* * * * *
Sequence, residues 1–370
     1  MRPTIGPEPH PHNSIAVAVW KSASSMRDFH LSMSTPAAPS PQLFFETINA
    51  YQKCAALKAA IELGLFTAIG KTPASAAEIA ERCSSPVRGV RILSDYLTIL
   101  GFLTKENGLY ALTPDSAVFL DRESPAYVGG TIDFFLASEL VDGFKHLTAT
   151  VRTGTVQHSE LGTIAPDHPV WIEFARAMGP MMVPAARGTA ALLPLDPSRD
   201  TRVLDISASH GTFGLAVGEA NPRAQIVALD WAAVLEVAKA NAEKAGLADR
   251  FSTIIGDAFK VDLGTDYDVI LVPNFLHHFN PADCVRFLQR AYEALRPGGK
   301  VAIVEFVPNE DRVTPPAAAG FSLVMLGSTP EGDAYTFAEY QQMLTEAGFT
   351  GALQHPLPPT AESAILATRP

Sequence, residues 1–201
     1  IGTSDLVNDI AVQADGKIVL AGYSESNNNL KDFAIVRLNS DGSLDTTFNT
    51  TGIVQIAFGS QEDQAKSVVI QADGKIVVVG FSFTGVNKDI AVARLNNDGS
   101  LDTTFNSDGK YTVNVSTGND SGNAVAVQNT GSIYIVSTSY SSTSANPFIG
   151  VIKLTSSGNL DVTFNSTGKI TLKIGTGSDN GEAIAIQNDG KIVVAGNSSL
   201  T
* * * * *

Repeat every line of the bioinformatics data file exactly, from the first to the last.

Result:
Sequence, residues 1–370
     1  MRPTIGPEPH PHNSIAVAVW KSASSMRDFH LSMSTPAAPS PQLFFETINA
    51  YQKCAALKAA IELGLFTAIG KTPASAAEIA ERCSSPVRGV RILSDYLTIL
   101  GFLTKENGLY ALTPDSAVFL DRESPAYVGG TIDFFLASEL VDGFKHLTAT
   151  VRTGTVQHSE LGTIAPDHPV WIEFARAMGP MMVPAARGTA ALLPLDPSRD
   201  TRVLDISASH GTFGLAVGEA NPRAQIVALD WAAVLEVAKA NAEKAGLADR
   251  FSTIIGDAFK VDLGTDYDVI LVPNFLHHFN PADCVRFLQR AYEALRPGGK
   301  VAIVEFVPNE DRVTPPAAAG FSLVMLGSTP EGDAYTFAEY QQMLTEAGFT
   351  GALQHPLPPT AESAILATRP

Sequence, residues 1–201
     1  IGTSDLVNDI AVQADGKIVL AGYSESNNNL KDFAIVRLNS DGSLDTTFNT
    51  TGIVQIAFGS QEDQAKSVVI QADGKIVVVG FSFTGVNKDI AVARLNNDGS
   101  LDTTFNSDGK YTVNVSTGND SGNAVAVQNT GSIYIVSTSY SSTSANPFIG
   151  VIKLTSSGNL DVTFNSTGKI TLKIGTGSDN GEAIAIQNDG KIVVAGNSSL
   201  T